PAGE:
New 3-D Map Shows Large Scale Structures in the Universe 9 Billion Years Ago

by Nancy Atkinson on August 8, 2013

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The FastSound project's 3D map of the large-scale structure of a region in the Universe about 4.7 billion years after the Big Bang. This area covers 2.5 times 3 degrees of the sky, with a radial distance spanning 12-14.5 billion light years in co-moving distance or 8-9.6 billion light years in light travel distance. Credit: NAOJ, SDSS, CFHT.

The FastSound project’s 3D map of the large-scale structure of a region in the Universe about 4.7 billion years after the Big Bang. This area covers 2.5 times 3 degrees of the sky, with a radial distance spanning 12-14.5 billion light years in co-moving distance or 8-9.6 billion light years in light travel distance. Credit: NAOJ, SDSS, CFHT.

I remember seeing the Hubble 3-D IMAX movie in 2010 and literally gasping when the view pulled back from zooming into distant stars and galaxies to show clusters and superclusters of galaxies interwoven like a web, creating the large scale structure of the Universe. In 3-D, the structure looks much like the DNA double helix or a backbone.

Now, a new project that aims to map the Universe’s structure has looked back in time to create a 3-D map showing a portion of the Universe as it looked nine billion years ago. It shows numerous galaxies and interestingly, already-developed large-scale structure of filaments and voids made from galaxy groups.


The map was created by the FastSound project, which is surveying galaxies in the Universe using the Subaru Telescope’s new Fiber Multi-Object Spectrograph (FMOS). The team doing the work is from Kyoto University, the University of Tokyo and the University of Oxford.

The team said that although they can see that the clustering of galaxies is not as strong back when the Universe was 4.7 billion years old as it is in the present-day Universe, gravitational interaction will eventually result in clustering that grows to the current level.

The new map spans 600 million light years along the angular direction and two billion light years in the radial direction. The team will eventually survey a region totaling about 30 square degrees in the sky and then measure precise distances to about 5,000 galaxies that are more than ten billion light years away.

This is not the first 3-D map of the Universe: the Sloan Digital Sky Survey created one in 2006 with coverage up to five billion light years away, and it was updated just last year, and a video flythough was created, which you can watch above. Also, earlier this year the University of Hawaii created a 3-D video map showing large scale cosmic structure out to 300 million light years.

But the FastSound project hopes to create a 3-D map of the very distant Universe by covering the volume of the Universe farther than ten billion light years away. FMOS is a wide-field spectroscopy system that enables near-infrared spectroscopy of over 100 objects at a time, with an exceptionally wide field of view when combined with the light collecting power of the 8.2 meter primary mirror of the telescope.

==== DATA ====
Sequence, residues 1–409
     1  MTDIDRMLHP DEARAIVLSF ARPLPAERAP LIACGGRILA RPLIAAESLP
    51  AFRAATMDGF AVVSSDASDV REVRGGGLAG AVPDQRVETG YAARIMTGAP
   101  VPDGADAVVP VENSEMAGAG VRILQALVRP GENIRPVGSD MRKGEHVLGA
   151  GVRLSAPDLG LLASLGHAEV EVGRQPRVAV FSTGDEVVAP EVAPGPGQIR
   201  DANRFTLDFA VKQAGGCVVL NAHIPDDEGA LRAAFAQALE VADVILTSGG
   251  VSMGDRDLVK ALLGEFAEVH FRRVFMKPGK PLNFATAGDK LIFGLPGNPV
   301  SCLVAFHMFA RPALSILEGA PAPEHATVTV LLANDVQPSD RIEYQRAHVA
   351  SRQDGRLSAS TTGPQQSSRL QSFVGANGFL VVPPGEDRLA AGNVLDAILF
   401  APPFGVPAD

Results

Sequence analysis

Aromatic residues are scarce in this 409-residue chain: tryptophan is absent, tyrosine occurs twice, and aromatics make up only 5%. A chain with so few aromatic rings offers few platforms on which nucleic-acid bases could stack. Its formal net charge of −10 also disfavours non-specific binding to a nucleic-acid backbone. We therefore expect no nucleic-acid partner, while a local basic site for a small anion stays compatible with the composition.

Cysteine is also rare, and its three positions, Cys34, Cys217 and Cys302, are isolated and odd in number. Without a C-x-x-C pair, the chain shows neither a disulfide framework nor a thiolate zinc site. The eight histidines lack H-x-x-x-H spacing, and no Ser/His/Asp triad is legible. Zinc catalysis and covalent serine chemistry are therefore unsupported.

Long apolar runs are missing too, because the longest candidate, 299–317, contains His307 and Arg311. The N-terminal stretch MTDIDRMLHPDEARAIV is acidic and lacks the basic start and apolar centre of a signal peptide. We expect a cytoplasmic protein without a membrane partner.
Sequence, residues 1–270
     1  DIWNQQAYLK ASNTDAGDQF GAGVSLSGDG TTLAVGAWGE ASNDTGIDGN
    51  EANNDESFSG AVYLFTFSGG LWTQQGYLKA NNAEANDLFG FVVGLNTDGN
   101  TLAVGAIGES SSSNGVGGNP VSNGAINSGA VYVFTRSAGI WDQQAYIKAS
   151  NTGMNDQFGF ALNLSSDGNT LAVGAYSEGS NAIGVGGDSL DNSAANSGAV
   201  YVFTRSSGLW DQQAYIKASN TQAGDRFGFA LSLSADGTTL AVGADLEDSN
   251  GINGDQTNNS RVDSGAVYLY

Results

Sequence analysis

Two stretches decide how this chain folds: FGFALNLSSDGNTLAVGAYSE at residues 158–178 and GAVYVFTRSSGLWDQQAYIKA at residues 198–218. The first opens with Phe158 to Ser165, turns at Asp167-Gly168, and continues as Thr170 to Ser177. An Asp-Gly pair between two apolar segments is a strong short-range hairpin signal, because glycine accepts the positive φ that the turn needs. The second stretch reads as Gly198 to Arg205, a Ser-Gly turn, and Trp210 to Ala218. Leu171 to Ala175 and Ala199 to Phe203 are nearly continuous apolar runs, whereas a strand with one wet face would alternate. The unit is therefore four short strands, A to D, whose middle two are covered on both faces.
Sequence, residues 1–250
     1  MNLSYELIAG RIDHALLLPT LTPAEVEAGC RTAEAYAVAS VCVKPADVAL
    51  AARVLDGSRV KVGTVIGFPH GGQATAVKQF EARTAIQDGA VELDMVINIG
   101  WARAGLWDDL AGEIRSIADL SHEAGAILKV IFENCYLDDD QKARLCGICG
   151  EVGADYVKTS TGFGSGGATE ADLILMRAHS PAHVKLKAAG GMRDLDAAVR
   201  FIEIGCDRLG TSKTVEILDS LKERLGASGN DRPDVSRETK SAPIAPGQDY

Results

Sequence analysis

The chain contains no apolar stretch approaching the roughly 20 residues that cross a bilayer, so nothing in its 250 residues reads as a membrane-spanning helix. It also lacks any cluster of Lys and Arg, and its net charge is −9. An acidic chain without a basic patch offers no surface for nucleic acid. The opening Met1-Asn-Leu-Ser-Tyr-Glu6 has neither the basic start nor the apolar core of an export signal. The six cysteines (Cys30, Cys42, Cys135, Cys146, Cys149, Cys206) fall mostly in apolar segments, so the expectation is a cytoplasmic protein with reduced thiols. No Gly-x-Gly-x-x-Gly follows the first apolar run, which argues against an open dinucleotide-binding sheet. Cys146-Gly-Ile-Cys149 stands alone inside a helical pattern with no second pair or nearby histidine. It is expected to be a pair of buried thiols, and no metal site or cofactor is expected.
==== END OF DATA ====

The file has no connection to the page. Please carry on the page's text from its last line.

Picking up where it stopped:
The map released today is just the first from FastSound. The final 3-D map of the distant Universe will precisely measure the motion of galaxies and then measure the rate of growth of the large-scale structure as a test of Einstein’s general theory of relativity.

Although scientists know that the expansion of the Universe is accelerating, they do not know why – whether it is from dark energy or whether gravity on cosmological scales may differ from that of general relativity, this mystery is one of the biggest questions in contemporary physics and astronomy. A comparison of the 3D map of the young Universe with the predictions of general relativity could eventually reveal the mechanism for the mysterious acceleration of the Universe.

The team said their 3-D map shown in this release uses a measure of “comoving” distance rather than light travel distance. They explained:

Light travel distance refers to the time that has elapsed from the epoch of the observed distant galaxy to the present, multiplied by the speed of light. Since the speed of light is always constant for any observer, it describes the distance of the path that a photon has traveled. However, the expansion of the Universe increases the length of the path that the photon traveled in the past. Comoving distance, the geometrical distance in the current Universe, takes this effect into account. Therefore, comoving distance is always larger than the corresponding light travel distance.

In the lead image above from FastSound, the colors of the galaxies indicate their star formation rate, i.e., the total mass of stars produced in a galaxy every year. The gradation in background color represents the number density of galaxies; the underlying mass distribution (which is dominated by invisible dark matter that accounts for about 30% of the total energy in the Universe) and how it would look like this if we could see it. The lower part of the figure shows the relative locations of the FastSound and the Sloan Digital Sky Survey (SDSS) regions, indicating that the FastSound project is mapping a more distant Universe than SDSS’s 3D map of the nearby Universe.